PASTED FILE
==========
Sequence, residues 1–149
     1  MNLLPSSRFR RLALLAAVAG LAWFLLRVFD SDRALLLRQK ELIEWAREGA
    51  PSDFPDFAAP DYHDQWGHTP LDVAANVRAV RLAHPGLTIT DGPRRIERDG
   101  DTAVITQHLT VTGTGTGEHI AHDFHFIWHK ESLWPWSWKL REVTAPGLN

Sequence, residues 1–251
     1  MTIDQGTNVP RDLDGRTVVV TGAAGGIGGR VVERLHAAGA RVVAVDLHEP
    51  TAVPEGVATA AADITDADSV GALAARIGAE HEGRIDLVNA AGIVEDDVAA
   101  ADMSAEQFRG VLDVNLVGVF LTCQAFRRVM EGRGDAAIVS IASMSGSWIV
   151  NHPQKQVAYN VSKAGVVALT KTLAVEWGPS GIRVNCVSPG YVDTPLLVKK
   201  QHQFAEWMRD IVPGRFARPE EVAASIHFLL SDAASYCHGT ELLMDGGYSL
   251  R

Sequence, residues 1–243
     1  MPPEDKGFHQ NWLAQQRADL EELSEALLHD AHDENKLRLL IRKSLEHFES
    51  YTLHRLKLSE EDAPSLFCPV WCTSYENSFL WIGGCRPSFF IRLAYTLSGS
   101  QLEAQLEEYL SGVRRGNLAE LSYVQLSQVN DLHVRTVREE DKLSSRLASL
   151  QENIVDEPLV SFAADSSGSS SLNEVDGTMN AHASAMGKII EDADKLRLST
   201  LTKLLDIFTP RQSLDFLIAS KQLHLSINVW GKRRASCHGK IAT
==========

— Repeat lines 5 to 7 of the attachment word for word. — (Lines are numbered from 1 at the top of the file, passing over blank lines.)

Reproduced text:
Sequence, residues 1–251
     1  MTIDQGTNVP RDLDGRTVVV TGAAGGIGGR VVERLHAAGA RVVAVDLHEP
    51  TAVPEGVATA AADITDADSV GALAARIGAE HEGRIDLVNA AGIVEDDVAA